Nate Silver over at FiveThirtyEight rates Trump’s chances of winning re-election (legitimately that is) as plausible but unlikely, but, like everyone else on the left, I am still haunted by what happened four years ago, so here is our now-traditional appeal to the good sense of the American electorate; let’s hope it works as well as it did in 2008 and 2012.

[Thanks once again to Matt Groening.]

Beyond recovery

So, Donald Trump didn’t suffer too badly as a result of contracting coronavirus, which isn’t too surprising, since most people, even in his demographic, do pull through, and being President of the United States, with a whole team of doctors dedicated to his care, and access to cutting-edge therapy, won’t have hurt either.

This was clearly a good outcome for him personally, but politically it’s been more mixed. His aura of invincibility may have been enhanced, in the eyes of his more fanatical supporters, but his continuing dismissal of the seriousness of the pandemic, based only on his personal experience, has only furthered his reputation as a cold-hearted narcissist. Implying that those who have succumbed to the disease are weak-willed losers will hardly endear him to sections of the population who have suffered disproportionate fatalities, and will particularly alienate older voters, one of the groups that he really needs to stay loyal to him if he is to have any chance of victory.

With a week to go until polling day, and with record numbers of voters having already cast their ballots, Joe Biden looks almost certain to win the popular vote. Of course, as we learned last time around, that alone won’t be enough to put him in the White House, but the numbers in the states that will decide the Electoral College are looking good for him too, so Trump’s options are rapidly narrowing.

Trump’s best chance probably lies in disrupting the poll, by questioning the validity of postal ballots, and encouraging vigilantes to intimidate minority voters, in the hope that this will create enough uncertainty around the results in key battlegrounds to allow his allies in the state governments to award him the Electors even if he loses the popular vote. Such manoeuvres would inevitably end up before the Supreme Court, hence his haste to confirm a sympathetic new Justice.

We can only hope that the Democrats get enough of their vote out to put the result so far beyond reasonable doubt that even Trump’s most ardent enablers balk at the shenanigans that would be required to overturn it. Failing that, we may be looking at a campaign of civil disobedience to defend what is left of bourgeois democracy in the US, with an outcome which would be far from certain.

Corona karma

The UK may not lead the world in much these days, but we were one of the first countries to have our head of government go down with Covid-19. Now that our transatlantic cousins have belatedly caught up, what effect will that have on the forthcoming election?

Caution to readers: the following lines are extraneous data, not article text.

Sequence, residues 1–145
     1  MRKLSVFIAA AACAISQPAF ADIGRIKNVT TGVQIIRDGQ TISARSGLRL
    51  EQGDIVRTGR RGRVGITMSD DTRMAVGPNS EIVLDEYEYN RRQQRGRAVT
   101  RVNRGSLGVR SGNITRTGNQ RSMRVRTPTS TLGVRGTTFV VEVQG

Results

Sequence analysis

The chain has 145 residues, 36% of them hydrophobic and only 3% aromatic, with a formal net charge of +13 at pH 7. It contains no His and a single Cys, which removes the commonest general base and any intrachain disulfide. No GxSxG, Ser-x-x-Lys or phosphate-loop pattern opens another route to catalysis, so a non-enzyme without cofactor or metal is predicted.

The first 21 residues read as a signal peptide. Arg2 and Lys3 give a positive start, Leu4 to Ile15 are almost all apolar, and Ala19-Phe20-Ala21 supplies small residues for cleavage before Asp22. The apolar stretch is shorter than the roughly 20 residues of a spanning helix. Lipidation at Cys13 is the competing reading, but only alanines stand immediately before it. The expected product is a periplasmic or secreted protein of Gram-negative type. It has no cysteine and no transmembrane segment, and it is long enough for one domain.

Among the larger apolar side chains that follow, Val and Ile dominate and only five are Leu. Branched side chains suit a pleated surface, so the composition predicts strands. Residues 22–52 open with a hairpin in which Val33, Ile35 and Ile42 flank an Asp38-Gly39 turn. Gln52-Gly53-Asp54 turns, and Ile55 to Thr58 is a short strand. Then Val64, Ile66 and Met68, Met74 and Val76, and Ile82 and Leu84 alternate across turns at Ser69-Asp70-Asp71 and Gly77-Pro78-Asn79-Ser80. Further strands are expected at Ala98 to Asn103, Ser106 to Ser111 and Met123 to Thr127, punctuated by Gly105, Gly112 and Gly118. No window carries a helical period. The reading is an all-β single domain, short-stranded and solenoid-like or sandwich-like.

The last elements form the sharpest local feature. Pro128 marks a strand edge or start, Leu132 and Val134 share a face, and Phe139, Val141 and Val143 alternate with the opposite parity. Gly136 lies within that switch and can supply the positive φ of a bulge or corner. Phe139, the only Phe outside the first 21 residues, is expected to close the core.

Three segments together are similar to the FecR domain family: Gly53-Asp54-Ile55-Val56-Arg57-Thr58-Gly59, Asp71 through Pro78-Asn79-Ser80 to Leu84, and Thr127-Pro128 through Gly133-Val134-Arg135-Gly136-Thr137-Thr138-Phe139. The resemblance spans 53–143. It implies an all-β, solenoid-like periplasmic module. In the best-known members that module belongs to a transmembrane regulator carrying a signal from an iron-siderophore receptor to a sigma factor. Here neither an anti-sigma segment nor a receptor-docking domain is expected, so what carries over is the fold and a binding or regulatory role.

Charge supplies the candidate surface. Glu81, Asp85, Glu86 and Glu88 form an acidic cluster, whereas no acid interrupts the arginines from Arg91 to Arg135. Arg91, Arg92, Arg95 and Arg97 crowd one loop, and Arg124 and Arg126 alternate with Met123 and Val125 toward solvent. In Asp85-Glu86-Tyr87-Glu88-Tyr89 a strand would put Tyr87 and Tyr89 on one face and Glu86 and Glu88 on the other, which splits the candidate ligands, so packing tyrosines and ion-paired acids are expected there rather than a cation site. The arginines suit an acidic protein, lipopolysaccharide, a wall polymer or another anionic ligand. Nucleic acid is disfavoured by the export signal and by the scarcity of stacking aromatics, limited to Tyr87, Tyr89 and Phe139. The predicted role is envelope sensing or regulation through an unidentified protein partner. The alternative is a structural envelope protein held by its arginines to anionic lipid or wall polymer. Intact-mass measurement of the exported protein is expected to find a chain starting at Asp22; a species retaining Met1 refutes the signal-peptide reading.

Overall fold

Obviously one does not wish ill-health upon a 74 year old man, even Donald Trump, but it is tempting to imagine some cosmic justice at play here, given Trump’s woeful response to the pandemic emergency, and the suffering that has resulted for ordinary US citizens.

However Trump is a man who seems always to fall on his feet; if (admittedly a big if) this does not kill him, it may, as the saying goes, make him stronger.

Trump will either shrug the infection off, or he will get very sick. The former scenario will both further his reputation among his followers as some kind of übermensch, and confirm his contention that the whole coronavirus thing is no big deal, while in the latter circumstances he will benefit from a surge of sympathy, and his QAnon disciples will be galvanised by the conviction that his illness is a cover for a deep-state plot to kill him.

Of course there is a third possibility – Trump may be humbled by a brush with mortality, and emerge from the ordeal a better man. That seems a bit of a long shot though…

Not bystanding

Having watched the highlights, such as they were, of the first Presidential debate, I find myself concurring with the general view among commentators, that a new low has been reached in US political discourse. Trump made no effort to advance any sort of vision beyond his usual litany of incoherent grievance, calculated to inflame the fear and anger of his core supporters. Biden could hardly avoid looking Presidential in comparison, which will have played well with those already planning to vote for him, as well as winning over some waverers, but this seems unlikely to significantly alter the trajectory of the campaign.

The important point to grasp is that the liberal notion that fascism can be defeated in “the marketplace of ideas” represents a serious misunderstanding of the nature of the struggle. The likes of Trump do not come to events like these in good faith, to calmly discuss policy differences in the hope of convincing undecided voters of the merits of their platform, but rather view them as opportunities to further their narrative of conflict, where uncompromising strength is the ultimate virtue, and falsehood and provocation are legitimate tools in the pursuit of total victory. Trump was not trying to win any new hearts and minds last night; he was rallying his troops for the battle ahead.